Queensland’s Mackay port is set for a A$17 million ($12 million) infrastructure boost, which will include a new tug berth facility, upgrades to Wharves 1 and 4, seawall repairs, and essential maintenance dredging.
Over the next 12 months, these projects will boost the regional economy and increase opportunities for attracting trade to the region, according to Mark Bailey, Queensland’s Minister for Transport and Main Roads.
“We’re all aboard when it comes to jobs and making sure our world-class exports can get from Mackay to the world,” Bailey said when announcing the Queensland Government’s investment in Mackay through its publicly-owned North Queensland Bulk Ports (NQBP) entity.
“Over the past two years, we’ve upgraded the Vines Creek bridges to improve access to Mackay’s port, we opened the Mackay Ring Road this weekend and now we’re turning our attention to building the Walkerston Bypass and, after that, the Mackay Port Access road,” he said.
“All of these projects are connected to ensure our primary industries are supported with a road network to help their product get from the paddock and pit to our port.”
He added: “Apart from more than 120 NQBP employees, our ports are a place of work for more than 1,000 Queenslanders and support a further 28,000 direct trade jobs involved in mining, farming and transporting trade.”
Member for Mackay, Julieanne Gilbert, said the projects will strengthen Mackay port’s capabilities to handle diversified trade.
“The Port of Mackay is a place of work for about 360 people each day and is also critical to around 1,800 Queensland jobs in mining, agriculture and logistics and facilitates A$1.6 billion of trade worldwide,” Gilbert said.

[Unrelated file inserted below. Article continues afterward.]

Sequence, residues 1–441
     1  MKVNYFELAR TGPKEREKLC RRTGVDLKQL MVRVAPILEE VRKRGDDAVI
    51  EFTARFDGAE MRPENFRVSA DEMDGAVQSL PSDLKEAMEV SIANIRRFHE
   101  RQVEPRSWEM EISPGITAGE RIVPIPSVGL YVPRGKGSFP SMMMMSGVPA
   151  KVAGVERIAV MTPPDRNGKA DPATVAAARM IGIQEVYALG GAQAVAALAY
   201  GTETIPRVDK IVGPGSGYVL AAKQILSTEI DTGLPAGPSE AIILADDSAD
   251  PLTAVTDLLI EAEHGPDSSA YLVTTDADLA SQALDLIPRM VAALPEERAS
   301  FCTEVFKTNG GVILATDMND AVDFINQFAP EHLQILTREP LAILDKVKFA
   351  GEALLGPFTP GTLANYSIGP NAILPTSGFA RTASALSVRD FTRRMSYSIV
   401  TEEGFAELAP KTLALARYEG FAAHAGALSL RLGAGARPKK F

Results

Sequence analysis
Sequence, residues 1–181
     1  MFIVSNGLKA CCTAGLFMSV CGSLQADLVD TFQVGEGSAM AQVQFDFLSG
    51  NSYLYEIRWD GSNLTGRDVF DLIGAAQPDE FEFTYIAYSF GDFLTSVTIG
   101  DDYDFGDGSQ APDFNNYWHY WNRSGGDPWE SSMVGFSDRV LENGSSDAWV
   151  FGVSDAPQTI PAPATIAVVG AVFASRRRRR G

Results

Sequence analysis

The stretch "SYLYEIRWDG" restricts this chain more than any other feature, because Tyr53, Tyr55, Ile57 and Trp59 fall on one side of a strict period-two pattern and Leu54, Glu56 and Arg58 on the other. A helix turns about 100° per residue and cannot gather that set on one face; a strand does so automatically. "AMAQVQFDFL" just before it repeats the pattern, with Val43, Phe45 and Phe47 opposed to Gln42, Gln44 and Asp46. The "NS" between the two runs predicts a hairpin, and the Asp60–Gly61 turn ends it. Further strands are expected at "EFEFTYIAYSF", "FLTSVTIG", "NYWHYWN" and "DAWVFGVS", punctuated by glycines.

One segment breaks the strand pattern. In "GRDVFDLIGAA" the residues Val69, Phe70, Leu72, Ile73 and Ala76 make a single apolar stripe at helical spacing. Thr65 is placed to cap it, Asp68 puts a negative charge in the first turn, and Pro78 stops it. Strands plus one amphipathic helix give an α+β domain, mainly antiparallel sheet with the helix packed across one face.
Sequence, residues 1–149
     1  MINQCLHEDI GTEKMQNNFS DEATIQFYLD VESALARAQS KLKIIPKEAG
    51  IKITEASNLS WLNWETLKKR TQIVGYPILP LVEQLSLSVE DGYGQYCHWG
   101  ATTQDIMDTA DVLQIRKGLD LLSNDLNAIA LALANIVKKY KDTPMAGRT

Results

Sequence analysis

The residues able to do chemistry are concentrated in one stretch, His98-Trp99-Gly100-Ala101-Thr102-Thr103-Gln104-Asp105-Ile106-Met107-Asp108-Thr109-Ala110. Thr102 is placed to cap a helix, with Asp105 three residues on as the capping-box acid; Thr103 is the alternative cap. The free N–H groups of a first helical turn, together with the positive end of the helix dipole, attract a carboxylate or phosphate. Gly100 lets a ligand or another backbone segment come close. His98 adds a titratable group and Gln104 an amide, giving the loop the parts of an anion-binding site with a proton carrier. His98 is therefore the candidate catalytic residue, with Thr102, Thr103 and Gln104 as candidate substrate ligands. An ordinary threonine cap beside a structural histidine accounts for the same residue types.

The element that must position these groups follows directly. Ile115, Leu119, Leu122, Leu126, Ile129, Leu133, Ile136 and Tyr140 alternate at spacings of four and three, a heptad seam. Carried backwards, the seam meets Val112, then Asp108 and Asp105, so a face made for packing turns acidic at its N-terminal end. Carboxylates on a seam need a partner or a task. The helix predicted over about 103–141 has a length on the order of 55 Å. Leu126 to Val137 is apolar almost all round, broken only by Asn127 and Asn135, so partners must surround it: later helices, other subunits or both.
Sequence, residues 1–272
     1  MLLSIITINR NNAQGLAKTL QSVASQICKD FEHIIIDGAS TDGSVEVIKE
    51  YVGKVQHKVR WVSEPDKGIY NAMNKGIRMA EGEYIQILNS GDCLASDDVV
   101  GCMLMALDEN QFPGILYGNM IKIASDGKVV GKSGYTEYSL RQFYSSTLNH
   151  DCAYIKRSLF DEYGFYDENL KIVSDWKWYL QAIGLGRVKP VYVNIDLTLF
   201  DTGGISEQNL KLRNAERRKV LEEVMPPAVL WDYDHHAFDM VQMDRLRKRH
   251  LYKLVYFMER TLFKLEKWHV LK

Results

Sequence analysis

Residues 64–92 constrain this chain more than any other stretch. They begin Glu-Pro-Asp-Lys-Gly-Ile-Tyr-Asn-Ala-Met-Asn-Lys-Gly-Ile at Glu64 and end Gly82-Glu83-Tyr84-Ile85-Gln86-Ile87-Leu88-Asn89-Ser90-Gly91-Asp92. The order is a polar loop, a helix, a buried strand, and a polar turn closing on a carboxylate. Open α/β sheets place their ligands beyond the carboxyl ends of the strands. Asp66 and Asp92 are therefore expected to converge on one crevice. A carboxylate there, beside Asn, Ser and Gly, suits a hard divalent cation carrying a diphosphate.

“A tug berth facility inside the port and the wharf works will drive efficiency for trade and position the port to continue to grow – whether for new, breakbulk trade or existing commodities such as fuel, sugar and grain.”
NQBP Chief Executive Officer, Nicolas Fertin, said Mackay’s multi-commodity port continues to build momentum in growing and diversifying its trade, with the volumes in the past financial year the second-best on record.
“These works will further strengthen the port’s role as a key part of the Mackay economy and as a gateway to the central Queensland region,” Fertin said.
“The publicly owned multi-cargo import and export Port of Mackay is firmly established as a central hub for the movement of diverse cargo essential for central Queensland agricultural and mining industries.
“Additionally, we will be investing in upgrading the Hay Point administration building that houses Vessel Traffic Services.”
NQBP is a Queensland Government-owned corporation also responsible for the strategic ports of Abbot Point, Hay Point and Weipa in far north Queensland.